Monday, December 27, 2010

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3 comments:

Anonymous said...

You,sir, are an idiot. Libraries are a place of learning. If you want to study with a blaring TV, then stay home. You have no right to go to a sanctuary like the library and force your ridiculous views on everyone else. If we want noise, we will stay home and blare our tv. If we want a quiet study area, distraction free, we go to the library. Are you 12 or something? When you mature, you will see what a tupid post you have made.

theHoundDawg said...

Dear Anonymous,

Ah, the uneducated resulting to name-calling; how precious.

I guarantee I have spent 100 times the hours in libraries that you have. Back in the 1960s, when I was in high school, I would take the bus to downtown Los Angeles to the great LA Central Library to work on projects. Through my years at UCLA I spent innumerable hours in Powell Library and the Research Library, studying and researching, and I worked in Powell through my Junior and Senior years. Through three years of law school I spent a lifetime in the library, and over almost 30 years practicing law, I spent untold time in both the LA County Law Library and the private library I built in my own office suite (no noise restrictions there). My home is a virtual library, as my wife and I have amassed a book collection that nears 10,000 volumes (no noise restrictions there either).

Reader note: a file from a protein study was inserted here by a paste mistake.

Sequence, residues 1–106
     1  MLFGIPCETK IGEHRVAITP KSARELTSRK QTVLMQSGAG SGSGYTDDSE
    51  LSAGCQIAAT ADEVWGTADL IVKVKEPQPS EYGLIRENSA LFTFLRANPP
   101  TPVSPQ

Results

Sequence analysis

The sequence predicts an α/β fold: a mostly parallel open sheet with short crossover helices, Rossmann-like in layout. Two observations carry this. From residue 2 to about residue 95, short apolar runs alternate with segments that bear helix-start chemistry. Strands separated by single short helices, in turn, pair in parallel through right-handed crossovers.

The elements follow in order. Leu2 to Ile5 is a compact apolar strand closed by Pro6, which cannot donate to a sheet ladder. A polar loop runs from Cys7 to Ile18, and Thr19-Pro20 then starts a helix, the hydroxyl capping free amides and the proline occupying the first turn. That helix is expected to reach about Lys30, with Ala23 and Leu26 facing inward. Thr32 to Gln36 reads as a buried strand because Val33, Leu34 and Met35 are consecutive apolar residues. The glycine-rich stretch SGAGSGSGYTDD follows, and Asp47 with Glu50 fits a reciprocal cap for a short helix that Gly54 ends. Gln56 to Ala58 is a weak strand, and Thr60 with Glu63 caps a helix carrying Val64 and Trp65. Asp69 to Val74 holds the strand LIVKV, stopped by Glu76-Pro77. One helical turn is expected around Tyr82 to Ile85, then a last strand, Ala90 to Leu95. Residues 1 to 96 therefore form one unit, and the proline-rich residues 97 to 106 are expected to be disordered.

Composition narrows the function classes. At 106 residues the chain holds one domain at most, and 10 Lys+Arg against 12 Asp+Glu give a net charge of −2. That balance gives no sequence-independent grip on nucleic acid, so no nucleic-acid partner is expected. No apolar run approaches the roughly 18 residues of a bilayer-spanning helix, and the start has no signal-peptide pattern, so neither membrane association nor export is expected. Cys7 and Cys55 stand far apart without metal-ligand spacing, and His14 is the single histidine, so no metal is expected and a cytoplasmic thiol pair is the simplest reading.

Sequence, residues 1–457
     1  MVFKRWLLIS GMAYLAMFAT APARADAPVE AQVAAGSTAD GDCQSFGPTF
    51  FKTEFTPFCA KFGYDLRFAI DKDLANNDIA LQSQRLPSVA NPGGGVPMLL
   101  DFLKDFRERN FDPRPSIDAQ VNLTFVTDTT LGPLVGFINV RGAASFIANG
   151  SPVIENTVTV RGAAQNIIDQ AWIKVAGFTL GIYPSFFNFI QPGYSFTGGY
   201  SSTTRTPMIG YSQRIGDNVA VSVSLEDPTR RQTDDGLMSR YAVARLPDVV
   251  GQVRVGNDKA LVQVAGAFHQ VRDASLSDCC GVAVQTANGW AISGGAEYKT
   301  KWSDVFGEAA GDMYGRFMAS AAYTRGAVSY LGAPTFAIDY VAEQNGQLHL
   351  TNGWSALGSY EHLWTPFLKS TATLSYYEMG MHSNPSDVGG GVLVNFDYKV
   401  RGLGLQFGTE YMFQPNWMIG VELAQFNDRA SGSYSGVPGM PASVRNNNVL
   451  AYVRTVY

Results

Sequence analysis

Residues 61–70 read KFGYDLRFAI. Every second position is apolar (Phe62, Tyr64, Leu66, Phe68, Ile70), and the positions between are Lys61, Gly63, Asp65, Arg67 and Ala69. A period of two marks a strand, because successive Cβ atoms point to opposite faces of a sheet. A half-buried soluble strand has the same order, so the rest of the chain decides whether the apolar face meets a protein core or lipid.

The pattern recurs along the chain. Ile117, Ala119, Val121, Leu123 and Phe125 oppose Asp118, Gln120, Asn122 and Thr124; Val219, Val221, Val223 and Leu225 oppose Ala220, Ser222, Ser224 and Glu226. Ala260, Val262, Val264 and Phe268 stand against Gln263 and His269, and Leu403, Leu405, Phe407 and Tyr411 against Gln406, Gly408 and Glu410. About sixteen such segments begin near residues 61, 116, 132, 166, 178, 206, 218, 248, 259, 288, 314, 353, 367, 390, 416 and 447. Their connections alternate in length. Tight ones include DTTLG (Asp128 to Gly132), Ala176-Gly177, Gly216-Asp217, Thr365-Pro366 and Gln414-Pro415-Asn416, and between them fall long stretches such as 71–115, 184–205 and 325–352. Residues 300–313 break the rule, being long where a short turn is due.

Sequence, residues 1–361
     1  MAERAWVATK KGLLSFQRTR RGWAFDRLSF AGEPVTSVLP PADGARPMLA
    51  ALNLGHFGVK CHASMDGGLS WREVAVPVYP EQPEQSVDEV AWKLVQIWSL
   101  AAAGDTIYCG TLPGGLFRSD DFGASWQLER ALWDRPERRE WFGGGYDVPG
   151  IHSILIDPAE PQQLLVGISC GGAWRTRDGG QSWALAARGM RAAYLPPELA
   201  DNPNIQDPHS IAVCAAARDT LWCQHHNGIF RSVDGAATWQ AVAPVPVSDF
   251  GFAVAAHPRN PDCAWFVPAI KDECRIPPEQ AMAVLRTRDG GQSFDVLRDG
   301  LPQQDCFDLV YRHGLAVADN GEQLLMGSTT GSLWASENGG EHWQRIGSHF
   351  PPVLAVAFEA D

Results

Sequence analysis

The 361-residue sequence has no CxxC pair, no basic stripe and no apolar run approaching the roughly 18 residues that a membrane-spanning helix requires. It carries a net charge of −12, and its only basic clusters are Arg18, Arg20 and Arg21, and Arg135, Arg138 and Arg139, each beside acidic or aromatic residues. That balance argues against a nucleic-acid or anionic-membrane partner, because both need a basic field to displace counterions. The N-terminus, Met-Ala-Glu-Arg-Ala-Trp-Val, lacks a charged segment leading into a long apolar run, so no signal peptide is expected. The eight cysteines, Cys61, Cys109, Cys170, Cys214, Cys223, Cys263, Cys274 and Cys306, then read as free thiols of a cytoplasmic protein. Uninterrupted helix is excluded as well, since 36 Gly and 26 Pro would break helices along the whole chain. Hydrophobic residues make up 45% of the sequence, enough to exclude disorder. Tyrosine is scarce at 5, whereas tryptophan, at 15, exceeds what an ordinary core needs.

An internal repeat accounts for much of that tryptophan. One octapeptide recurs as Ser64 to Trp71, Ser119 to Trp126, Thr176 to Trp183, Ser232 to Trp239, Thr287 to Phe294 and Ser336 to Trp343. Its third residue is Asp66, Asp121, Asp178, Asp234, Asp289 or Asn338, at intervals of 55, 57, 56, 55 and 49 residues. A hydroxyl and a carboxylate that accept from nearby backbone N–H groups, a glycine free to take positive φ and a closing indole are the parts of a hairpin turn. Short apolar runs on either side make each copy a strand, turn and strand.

You want quiet? STAY HOME! Like I said, people have no trouble reading in Barnes & Noble and Starbucks. Libraries should be no different, save for a meaningless relic of bygone days.

Anonymous said...

As for me, when I read complex materials, like scientific and mathematical literature, it is difficult to concentrate when people in the room talk. In the case of casual reading, I can comprehend a sufficient amount of material to understand the issues (Playboy, Superman, etc come to mind). Even in the latter case, there is a point above which I cannot tolerate the noise... for example, when you are surrounded by people who speak so loudly over cell phones, that they think the signal increases as they raise their voices. Try reading Shakespeare in that din...